Holiday readingAugust 18, 2008 at 8:06 pm | Posted in Music, Art, Etcetera | 1 Comment
I’ve never really been one for travel. Sure, I have a mental rough draft of places I’d like to visit before I die (which includes all 50 states in America, though Alaska’s negotiable), but I never had the money to do the gap year thing and haven’t felt the desire to do those backpacking adventures which sound either exciting or impossibly tedious depending on who’s telling you about them. I guess I’d rather know a few places really well than visit many locations on such a short stay that you barely scratch the surface of what’s there. Since my family first took me there when I was about seven or eight and have returned frequently since, the Lake District fills this requirement pretty well, but what keeps drawing me back is its abundance of those things I’ve come to value as I got older: idyllic surroundings, good food & drink and (this being the clincher) fantastic second-hand book shops.
Even by previous standards, the past week’s haul’s been pretty impressive. For just under £40 I managed to get my hands on novels by Hari Kunzru, Percival Everett, Phillip Roth & Richard Ford, a critical look at NATO’s late 90’s involvement in Yugoslavia, a history of the Armenian Genocide and a collection of investigative journalism.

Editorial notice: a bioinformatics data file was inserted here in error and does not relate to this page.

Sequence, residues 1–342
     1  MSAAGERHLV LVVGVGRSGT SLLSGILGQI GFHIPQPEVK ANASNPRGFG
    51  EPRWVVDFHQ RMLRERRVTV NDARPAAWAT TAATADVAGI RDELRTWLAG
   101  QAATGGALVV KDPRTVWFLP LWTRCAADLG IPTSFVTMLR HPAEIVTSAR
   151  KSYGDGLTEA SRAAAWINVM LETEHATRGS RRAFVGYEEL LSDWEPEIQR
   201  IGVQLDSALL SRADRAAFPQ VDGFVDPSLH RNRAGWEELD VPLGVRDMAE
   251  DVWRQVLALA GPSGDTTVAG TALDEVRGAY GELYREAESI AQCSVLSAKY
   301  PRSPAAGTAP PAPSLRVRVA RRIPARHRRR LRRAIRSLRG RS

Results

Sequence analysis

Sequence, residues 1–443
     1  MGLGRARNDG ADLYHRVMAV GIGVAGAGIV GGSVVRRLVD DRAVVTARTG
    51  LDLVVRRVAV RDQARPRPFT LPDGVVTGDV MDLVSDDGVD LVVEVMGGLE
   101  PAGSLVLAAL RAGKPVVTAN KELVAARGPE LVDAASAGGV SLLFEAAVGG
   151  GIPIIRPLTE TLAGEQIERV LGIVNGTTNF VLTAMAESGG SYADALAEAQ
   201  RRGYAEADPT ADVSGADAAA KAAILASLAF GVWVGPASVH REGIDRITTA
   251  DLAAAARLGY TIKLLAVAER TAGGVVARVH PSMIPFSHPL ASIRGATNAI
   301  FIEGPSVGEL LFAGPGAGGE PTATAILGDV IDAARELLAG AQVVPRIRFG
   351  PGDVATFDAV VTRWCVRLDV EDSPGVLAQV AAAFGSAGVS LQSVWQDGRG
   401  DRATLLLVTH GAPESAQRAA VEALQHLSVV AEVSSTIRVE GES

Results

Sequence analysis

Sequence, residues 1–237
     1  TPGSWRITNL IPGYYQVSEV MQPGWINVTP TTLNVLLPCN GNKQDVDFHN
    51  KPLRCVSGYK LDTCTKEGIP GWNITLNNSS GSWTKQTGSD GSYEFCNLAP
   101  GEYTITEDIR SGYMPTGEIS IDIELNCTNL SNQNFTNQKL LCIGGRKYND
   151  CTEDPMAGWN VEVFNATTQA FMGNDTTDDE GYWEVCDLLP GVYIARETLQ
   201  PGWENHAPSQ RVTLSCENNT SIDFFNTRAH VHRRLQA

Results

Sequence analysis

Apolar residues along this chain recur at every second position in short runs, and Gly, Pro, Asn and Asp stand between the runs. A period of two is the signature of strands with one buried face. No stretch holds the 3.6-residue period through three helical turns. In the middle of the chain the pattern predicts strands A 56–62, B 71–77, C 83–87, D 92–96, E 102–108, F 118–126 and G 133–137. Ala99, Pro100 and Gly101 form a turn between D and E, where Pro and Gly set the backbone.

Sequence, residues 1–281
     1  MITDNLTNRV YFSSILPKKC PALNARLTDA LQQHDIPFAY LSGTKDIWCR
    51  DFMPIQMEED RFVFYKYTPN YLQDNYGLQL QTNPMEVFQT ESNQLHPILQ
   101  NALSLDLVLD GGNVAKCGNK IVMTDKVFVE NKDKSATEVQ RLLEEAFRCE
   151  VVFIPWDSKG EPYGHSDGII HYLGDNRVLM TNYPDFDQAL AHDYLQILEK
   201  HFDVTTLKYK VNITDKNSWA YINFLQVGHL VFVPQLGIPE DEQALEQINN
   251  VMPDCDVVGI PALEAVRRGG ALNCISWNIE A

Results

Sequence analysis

But although I bought most of these quite early in the week, they all remain untouched. Why? Because I picked up this and then refused to read anything else. Wasted is a memoir about an addiction to starvation. It was written when the author, Marya Hornbacher, was just 23 years and is one of the most searing, smart and beautiful things I’ve read.
With a few exceptions, memoirs of this type don’t have a particularly great pedigree, in large part because you can get published for telling a moving (or at least harrowing) story without being a particularly good writer or story-teller. In this genre, the important things is what you write about rather than how well you write, as James Frey found out to his cost. Hornbacher is a glorious exception. She can construct a narrative as well as any novelist and writes in a style that shifts seamlessly from wry and witty to desperately intense. Tracing the beginnings of her illness from the tender age of five, she details with such naked honesty how her obsession with banishing her body of food enveloped her whole life to the point where she was very close to death. Nobody, after reading this, could ever belittle an eating disorder as merely ‘cosmetic’ or a ‘cry for help’.
Despite the stark subject matter, there’s plenty of light here; enough wickedly dark humour to keep you riveted and enough flawed, faltering humanity to have you rooting for her right to the end. Of all the books I bought on holiday, I’d be surprised if any of them were as good as this.